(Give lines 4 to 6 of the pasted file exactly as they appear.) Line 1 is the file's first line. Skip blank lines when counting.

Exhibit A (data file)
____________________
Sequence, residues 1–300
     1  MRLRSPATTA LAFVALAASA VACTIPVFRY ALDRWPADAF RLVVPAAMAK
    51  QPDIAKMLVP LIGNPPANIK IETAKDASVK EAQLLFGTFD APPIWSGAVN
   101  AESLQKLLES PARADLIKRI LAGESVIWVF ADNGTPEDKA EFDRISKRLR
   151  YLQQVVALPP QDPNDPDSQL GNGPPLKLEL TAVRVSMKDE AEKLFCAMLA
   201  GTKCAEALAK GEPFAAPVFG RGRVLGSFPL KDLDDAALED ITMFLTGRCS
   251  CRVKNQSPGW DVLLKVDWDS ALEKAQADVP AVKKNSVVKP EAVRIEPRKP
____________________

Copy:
   101  AESLQKLLES PARADLIKRI LAGESVIWVF ADNGTPEDKA EFDRISKRLR
   151  YLQQVVALPP QDPNDPDSQL GNGPPLKLEL TAVRVSMKDE AEKLFCAMLA
   201  GTKCAEALAK GEPFAAPVFG RGRVLGSFPL KDLDDAALED ITMFLTGRCS